6) Stern, A Force Upon the Plain, 212–17.

7) CSPOA, “The Leadership—CSPOA Council of Sheriffs, Peace Officers and Public Officials,” https://web.archive.org/web/20150820114146/http://cspoa.org/about/leadership, archive from August 20, 2015; Jonathan Thompson, “The rise of the Sagebrush Sheriffs,” High Country News, February 2, 2016, https://www.hcn.org/issues/48.2/the-rise-of-the-sagebrush-sheriffs; George Plaven, “Grant County sheriff demands coordination with Forest Service,” East Oregonian, October 9, 2015, www.eastoregonian.com/eo/local-news/20151009/grant-county-sheriff-demands-coordination-with-forest-service; Les Zaitz, “State licensing board seeks investigation of Grant County sheriff who met militants,” Oregonian/OregonLive, February 18, 2016, http://www.oregonlive.com/oregon-standoff/2016/02/state_police_board_seeks_inves.html.

8) John Sepulvado, “Oregon Lawmaker Says Roseburg Shooting Prompted ‘Fact-Finding’ Visit To Armed Occupation,” OPB, March 20, 2016, http://www.opb.org/news/series/burns-oregon-standoff-bundy-militia-news-updates/roseburg-shooting-republican-politician-dallas-heard-occupation-visit. The refuge trip that Representative Heard went on was organized by COWS (Coalition of Western States), but he says that he is not a member of the group.

9) The Facebook account of the Oath Keepers of Oregon posted, “Every Politician should be supporting the miner’s rights or else they are violating their oath. At least Oregon state Rep. Carl Wilson Supports Miners’ Access To Due Process:,” May 15, 2015, https://www.facebook.com/OathKeepersofOregon/posts/686948074750130. The Josephine County Oath Keepers also posted Representative Wilson’s press release on their site; see “Rep. Carl Wilson Supports Miners’ Access To Due Process,” April 28, 2015, http://oathkeepersjoco.com/downloads/Rep-Carl-Wilson-Supports-Miners-Access-To-Due-Process.pdf.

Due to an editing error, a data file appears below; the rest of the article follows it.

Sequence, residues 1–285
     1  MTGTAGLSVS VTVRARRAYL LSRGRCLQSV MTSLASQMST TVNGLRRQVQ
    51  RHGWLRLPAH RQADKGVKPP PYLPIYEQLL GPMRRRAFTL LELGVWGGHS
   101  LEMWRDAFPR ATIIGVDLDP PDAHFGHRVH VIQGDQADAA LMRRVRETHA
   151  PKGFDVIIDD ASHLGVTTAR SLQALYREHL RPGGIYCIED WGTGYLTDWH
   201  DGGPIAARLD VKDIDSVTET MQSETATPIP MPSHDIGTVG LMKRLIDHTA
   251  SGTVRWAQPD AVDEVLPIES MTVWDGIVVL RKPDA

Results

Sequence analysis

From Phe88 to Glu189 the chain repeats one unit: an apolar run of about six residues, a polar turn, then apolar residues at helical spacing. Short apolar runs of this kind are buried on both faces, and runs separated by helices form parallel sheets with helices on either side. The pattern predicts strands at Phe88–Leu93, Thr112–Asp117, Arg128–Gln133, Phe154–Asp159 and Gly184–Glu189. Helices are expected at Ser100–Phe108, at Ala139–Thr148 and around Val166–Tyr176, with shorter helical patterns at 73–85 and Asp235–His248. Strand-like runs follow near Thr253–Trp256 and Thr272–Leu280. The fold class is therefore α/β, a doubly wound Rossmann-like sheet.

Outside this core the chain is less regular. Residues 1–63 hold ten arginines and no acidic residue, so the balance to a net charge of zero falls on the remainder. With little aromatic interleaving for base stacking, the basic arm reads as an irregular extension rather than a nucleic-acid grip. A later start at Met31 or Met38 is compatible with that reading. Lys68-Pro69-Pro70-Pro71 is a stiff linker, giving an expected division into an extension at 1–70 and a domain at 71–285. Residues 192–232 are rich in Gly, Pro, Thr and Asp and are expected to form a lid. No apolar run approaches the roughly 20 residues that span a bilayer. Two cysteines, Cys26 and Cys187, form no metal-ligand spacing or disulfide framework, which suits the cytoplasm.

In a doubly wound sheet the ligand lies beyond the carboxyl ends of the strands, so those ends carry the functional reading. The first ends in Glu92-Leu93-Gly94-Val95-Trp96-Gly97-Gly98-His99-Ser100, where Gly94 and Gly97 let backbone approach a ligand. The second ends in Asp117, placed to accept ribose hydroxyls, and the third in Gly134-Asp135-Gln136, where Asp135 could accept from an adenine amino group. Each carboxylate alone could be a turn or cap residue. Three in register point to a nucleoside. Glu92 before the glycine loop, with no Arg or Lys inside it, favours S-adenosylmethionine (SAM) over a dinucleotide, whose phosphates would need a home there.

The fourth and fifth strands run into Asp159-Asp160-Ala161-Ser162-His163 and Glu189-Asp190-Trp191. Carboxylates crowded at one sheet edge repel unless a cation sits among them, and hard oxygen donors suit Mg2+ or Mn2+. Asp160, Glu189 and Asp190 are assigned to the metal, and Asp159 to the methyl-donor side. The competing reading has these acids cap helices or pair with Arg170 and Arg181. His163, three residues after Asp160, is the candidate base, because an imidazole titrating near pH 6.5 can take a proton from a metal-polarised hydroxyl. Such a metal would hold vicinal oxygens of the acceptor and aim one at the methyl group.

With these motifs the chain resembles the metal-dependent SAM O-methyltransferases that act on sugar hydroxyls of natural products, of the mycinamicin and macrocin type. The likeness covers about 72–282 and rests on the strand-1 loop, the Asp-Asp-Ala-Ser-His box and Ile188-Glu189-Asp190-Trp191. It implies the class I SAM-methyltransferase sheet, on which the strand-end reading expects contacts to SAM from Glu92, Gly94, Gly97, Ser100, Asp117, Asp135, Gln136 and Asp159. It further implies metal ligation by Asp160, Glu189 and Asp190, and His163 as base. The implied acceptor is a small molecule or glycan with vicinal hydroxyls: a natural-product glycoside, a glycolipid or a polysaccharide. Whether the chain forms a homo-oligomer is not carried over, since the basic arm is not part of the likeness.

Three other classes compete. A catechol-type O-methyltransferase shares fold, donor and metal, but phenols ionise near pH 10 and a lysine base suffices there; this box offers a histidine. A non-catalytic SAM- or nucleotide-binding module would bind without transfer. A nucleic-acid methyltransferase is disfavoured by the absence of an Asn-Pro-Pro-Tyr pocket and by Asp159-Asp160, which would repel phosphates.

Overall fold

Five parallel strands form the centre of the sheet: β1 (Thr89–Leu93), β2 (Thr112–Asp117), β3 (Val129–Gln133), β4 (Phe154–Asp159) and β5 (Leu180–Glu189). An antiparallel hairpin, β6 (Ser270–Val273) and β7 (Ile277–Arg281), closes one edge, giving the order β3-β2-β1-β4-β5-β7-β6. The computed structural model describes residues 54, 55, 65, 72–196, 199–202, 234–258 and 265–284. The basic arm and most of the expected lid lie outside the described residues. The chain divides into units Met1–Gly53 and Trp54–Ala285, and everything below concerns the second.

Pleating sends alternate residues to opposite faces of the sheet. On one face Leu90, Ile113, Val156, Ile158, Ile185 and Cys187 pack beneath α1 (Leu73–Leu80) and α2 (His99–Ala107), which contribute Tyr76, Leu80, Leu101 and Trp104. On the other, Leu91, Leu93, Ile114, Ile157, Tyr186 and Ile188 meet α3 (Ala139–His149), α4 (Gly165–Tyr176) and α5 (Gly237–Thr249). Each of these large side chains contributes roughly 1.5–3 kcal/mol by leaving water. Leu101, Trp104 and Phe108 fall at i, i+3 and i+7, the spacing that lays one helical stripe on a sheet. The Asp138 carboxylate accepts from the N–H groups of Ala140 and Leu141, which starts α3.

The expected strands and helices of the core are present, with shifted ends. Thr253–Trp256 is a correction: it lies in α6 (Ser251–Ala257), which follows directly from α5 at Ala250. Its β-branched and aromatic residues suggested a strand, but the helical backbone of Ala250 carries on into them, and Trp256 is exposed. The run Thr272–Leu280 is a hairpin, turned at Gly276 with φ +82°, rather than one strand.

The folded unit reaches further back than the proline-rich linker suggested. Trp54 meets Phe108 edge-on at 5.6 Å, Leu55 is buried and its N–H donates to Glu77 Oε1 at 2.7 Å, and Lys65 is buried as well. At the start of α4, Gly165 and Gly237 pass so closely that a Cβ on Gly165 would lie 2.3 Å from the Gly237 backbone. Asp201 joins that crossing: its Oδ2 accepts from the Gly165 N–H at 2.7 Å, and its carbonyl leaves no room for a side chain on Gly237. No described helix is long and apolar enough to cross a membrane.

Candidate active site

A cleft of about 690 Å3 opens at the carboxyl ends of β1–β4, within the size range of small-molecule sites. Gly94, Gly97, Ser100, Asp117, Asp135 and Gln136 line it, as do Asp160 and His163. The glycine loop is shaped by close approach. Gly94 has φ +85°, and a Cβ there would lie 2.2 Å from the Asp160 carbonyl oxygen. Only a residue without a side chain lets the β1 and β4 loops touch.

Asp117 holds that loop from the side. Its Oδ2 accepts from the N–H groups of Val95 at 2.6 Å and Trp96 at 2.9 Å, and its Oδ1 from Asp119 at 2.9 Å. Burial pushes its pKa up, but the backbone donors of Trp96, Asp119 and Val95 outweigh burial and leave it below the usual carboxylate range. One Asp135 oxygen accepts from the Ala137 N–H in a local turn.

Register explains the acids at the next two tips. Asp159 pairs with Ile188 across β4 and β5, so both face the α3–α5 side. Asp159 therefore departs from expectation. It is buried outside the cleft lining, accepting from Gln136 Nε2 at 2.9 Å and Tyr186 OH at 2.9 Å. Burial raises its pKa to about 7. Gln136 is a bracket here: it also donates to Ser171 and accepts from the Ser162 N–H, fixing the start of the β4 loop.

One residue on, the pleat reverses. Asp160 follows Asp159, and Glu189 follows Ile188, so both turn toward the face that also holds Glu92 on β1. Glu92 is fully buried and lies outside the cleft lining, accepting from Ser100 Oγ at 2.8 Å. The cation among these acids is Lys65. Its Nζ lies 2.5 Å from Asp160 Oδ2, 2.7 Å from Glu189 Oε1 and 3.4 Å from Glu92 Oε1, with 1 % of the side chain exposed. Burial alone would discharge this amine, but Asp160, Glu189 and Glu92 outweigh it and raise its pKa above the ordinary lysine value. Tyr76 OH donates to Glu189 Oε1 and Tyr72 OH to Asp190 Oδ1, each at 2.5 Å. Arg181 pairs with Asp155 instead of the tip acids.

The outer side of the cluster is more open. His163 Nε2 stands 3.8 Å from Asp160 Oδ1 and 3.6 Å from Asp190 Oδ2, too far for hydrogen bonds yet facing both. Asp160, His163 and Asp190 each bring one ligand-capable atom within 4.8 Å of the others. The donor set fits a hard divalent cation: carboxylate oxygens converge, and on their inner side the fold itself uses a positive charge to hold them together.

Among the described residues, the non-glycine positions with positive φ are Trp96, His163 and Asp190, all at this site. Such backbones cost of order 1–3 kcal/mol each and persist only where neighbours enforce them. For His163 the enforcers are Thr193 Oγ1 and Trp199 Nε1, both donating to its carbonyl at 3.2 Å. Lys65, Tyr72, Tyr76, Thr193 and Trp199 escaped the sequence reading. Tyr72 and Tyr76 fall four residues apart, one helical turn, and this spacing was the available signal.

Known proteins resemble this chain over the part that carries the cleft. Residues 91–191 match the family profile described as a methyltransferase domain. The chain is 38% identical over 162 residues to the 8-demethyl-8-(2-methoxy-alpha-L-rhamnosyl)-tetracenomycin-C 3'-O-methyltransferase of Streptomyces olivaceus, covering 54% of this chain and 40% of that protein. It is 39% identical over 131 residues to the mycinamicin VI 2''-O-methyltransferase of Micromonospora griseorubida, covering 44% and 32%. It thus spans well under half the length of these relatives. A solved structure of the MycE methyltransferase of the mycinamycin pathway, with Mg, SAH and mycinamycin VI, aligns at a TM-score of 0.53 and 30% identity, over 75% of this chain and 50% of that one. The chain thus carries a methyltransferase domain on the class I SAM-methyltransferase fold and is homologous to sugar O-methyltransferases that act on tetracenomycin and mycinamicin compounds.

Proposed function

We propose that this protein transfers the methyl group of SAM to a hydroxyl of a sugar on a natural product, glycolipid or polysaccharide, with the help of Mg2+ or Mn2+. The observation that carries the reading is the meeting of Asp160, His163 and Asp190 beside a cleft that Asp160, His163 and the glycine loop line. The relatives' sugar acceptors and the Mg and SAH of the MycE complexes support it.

10) Joshua Dillen, “County, Forest Service discuss coordination,” Baker City Herald, October 2, 2015, http://www.bakercityherald.com/Local-News/County-Forest-Service-discuss-coordination; Jayson Jacoby, “Message Delivered,” Baker City Herald, February 8, 2016, http://www.bakercityherald.com/Local-News/Message-Delivered.

11) Nicole Montesano, “Commissioners urged to help calm Malheur tension,” Yamhill Valley News Register, January 28, 2016, http://newsregister.com/article?articleTitle=commissioners-urged-to-help-calm-malheur-tension–1454029836–20827–. Starrett is also a former Constitution Party official and candidate.

12) Tay Wiles, “Sugar Pine Mine, the other standoff,” High Country News, February 2, 2016, http://www.hcn.org/issues/48.2/showdown-at-sugar-pine-mine.